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Commentary: McGwire's return could open Cooperstown doors

By Jonathan Myers     10/29/09 7:00pm

Hold on to your syringes - Big Mac is back. Even though the Yankees clinched the American League pennant on Sunday, the most surprising story in baseball Monday was not the Bronx Bombers' return to the Fall Classic. No, that honor went instead to St. Louis Cardinals manager Tony La Russa's announcement that Mark McGwire, the steroid swinger, will be his hitting coach next season.

McGwire will begin his journey back into baseball this spring training by helping to improve a Cardinals offense that was mediocre last season, and was especially feeble in the postseason, managing to score only six runs in three postseason games, boasting just two players with more than 20 home runs in the regular season.

Having gained the blessing of the almighty Major League Baseball commissioner Bud Selig, McGwire will provide a sense of familiarity to some of the players, as he has already worked with left fielder Matt Holliday in the offseason, as with other major leaguers. With the player who hit the eighth-most home runs in baseball history on their side, it appears the Cardinals can do nothing but improve their anemic offense.

La Russa seems to believe in the 12-time All Star's effectiveness at turning the offense around, but the real question remains: What does this mean for McGwire's future in baseball, both on the field and in Cooperstown?

McGwire has had to bear the burden of baseball's steroid scandal ever since he admitted to taking androstenedione (which was a legal substance at the time) in 1998 and clammed up at the 2005 congressional hearings. As a result, McGwire has been unable to secure the necessary 75 percent of the vote to reach the National Baseball Hall of Fame in Cooperstown, N.Y., receiving just 21.9 percent of the 2009 vote, down from 23.6 percent in 2008.

Sportswriters voting against him, such as Ken Rosenthal and Tim Kurkjian, are taking a firm stance against McGwire thanks to his suspected (yet still unproven) illegal substance use, and refuse to vote for him due to their moral beliefs.

With McGwire's homecoming to the Gateway City in 2010, the steroid question will once again be refreshed in the minds of baseball fans everywhere, and likely will be accompanied by snide remarks attributing any improvement in the Cardinals' offense to the fact that "McGwire's giving them the juice too." His presence could potentially be a large distraction for the team early on, whether he wants the attention or not.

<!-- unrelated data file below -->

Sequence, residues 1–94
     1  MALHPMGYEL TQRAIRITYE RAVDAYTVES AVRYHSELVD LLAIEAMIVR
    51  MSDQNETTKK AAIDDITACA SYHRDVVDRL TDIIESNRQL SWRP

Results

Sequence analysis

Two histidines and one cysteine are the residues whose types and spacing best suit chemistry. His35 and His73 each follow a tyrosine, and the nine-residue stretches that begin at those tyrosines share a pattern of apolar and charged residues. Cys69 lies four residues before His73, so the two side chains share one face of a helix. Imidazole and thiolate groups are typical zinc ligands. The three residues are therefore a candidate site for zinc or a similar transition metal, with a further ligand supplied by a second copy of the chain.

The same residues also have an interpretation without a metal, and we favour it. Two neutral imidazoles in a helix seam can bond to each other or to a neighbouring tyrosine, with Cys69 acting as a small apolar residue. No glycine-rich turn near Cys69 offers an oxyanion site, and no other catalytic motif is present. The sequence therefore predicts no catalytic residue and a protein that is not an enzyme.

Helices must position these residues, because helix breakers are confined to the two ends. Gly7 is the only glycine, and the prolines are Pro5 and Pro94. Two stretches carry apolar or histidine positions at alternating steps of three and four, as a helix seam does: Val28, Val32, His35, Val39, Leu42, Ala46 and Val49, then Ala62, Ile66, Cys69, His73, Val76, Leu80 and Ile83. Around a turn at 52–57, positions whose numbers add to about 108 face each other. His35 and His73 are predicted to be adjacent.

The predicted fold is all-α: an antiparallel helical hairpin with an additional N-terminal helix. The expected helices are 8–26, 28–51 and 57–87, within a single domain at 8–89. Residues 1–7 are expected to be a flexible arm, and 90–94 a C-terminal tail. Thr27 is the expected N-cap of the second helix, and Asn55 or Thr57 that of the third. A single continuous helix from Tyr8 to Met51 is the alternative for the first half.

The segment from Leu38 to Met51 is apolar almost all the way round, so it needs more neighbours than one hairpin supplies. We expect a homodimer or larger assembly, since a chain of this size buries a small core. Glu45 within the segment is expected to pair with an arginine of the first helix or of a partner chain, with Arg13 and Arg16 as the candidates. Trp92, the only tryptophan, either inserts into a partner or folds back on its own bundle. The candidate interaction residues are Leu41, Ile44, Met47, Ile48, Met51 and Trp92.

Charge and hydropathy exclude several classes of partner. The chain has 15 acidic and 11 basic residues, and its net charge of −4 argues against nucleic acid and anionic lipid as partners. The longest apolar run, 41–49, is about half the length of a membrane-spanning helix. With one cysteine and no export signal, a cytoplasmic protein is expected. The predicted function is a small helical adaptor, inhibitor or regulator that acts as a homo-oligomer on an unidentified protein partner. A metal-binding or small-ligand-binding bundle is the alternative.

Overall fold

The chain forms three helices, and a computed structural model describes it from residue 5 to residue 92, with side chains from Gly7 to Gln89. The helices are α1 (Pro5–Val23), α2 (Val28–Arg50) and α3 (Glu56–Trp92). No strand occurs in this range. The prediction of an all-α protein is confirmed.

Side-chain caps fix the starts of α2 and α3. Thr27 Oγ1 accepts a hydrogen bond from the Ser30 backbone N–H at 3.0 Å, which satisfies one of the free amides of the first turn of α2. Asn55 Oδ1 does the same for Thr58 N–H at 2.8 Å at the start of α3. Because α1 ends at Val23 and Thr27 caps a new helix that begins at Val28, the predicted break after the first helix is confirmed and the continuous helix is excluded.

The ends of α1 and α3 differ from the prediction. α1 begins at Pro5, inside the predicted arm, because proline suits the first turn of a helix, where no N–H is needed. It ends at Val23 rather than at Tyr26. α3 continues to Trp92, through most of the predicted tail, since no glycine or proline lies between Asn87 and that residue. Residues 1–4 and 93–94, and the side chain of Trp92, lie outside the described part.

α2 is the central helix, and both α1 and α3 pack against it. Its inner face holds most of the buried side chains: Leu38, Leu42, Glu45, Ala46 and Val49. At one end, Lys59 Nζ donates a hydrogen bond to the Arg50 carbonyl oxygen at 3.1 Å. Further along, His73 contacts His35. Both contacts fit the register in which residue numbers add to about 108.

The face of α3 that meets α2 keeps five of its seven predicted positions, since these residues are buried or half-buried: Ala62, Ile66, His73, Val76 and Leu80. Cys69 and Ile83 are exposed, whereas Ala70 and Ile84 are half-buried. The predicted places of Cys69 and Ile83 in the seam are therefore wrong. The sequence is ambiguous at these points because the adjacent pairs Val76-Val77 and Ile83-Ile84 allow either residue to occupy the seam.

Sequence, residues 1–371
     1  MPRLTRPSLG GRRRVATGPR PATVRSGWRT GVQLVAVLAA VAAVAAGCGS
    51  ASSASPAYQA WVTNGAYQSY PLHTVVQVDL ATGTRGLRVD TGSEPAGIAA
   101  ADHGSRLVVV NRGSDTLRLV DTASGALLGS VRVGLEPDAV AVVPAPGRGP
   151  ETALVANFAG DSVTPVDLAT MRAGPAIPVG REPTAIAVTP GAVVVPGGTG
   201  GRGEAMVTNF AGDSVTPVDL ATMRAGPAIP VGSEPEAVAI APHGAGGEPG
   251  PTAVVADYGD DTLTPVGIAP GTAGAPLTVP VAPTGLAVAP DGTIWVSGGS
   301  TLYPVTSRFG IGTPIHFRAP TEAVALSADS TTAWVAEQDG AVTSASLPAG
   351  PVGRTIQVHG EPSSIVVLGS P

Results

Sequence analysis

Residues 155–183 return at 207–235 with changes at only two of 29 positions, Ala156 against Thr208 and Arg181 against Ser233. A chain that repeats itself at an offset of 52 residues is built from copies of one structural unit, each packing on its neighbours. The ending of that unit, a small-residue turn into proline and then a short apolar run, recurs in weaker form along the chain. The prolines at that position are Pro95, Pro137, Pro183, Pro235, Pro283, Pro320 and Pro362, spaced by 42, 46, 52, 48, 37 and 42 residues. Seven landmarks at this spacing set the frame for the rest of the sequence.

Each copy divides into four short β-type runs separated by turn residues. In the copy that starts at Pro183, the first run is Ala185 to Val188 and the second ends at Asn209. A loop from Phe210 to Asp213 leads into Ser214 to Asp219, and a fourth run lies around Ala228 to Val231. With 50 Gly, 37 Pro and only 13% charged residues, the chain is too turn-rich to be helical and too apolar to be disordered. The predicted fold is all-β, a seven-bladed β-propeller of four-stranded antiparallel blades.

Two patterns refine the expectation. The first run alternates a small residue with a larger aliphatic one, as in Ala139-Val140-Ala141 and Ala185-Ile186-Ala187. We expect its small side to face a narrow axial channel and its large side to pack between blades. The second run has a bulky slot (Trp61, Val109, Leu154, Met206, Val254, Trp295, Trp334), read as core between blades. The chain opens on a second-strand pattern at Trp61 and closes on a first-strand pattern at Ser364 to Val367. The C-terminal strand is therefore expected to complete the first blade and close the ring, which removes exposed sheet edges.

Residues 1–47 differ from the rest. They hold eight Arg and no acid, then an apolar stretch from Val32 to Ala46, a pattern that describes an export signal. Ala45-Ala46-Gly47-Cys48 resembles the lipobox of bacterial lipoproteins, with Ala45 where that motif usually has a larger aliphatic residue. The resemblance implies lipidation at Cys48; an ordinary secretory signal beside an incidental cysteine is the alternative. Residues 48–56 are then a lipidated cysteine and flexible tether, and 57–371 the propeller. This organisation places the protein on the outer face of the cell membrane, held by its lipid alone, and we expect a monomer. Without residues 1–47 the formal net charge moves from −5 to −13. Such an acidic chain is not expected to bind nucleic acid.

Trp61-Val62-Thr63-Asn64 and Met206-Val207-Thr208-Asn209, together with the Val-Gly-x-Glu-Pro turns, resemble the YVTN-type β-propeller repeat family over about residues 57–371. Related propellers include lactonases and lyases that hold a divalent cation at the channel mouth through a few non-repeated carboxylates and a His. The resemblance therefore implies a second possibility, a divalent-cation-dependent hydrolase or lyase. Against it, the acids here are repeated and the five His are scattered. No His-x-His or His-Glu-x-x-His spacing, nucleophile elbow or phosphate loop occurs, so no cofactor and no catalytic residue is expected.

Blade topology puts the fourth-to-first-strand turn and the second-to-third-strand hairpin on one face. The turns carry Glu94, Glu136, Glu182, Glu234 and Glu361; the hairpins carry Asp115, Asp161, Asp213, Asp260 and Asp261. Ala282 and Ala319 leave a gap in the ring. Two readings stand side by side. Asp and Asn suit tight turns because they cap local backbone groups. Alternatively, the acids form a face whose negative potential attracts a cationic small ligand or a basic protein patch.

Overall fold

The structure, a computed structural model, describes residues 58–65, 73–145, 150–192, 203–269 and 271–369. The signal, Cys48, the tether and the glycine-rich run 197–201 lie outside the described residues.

However, the move has several potentially positive effects for McGwire.

Imagine McGwire, the prodigal son of baseball, returning to the Cardinals and coaching the rest of the team to hit on a level remotely comparable with All-Star first baseman Albert Pujols. This improvement, alongside the Cardinals' vaunted pitching staff, propels the Redbirds to the 2010 World Series and an 11th Commissioner's Trophy.

Or perhaps La Russa steps down as manager after fulfilling his new one-year contract with St. Louis, paving the way for McGwire to become the manager of the team he once led, a la Pete Rose, another all-time great who has yet to enter the gates of the Hall.

These two scenarios could present feel-good stories, either this year or later on down the line, and may soften the cold hearts of Hall of Fame voters everywhere, not only compelling them to vote McGwire in but also persuading Selig to reinstate Rose, considered the greatest player never to grace the Hall of Fame. Perhaps he would even then turn to Shoeless Joe Jackson and Eddie Cicotte of the 1919 Black Sox Scandal, who are still rolling over in their graves to get into the hallowed grounds of Cooperstown.

Alas, the latter move will almost certainly never come about, because that would bring us into the problem plaguing baseball, America's most storied and historical sport: Despite its age, it still has the maturity of a teenager, continually holding grudges against players who have wronged only themselves, not the sport.

Granted, Jackson and Cicotte were accused of throwing the 1919 World Series, but Rose only bet on his Cincinnati Reds to win, never for the team they were facing. While McGwire did noticeably increase in physical stature throughout his career, he has never been convicted of using banned substances, and is still held out of the Hall purely because of rampant speculation by members of the media.

The point remains that this resurrection can go one of two ways for McGwire. Either he starts his next glorious chapter as a member of the Cardinals organization, possibly leading him back onto the ballots of the voters and saving a somewhat tainted career, or he fails to do anything noteworthy and spends 2010 waiting for yet another disappointing result from the Hall of Fame voting.

I, for one, am rooting for the Big Mac, regardless of rumored steroid use. Give him a chance to show that he can do for the Cardinals what he has already done for several offseason major leaguers, and give himand some other deserving ballplayers their shot at Hall of Fame glory.

Jonathan Myers is a Will Rice College sophomore and Thresher assistant sports editor.

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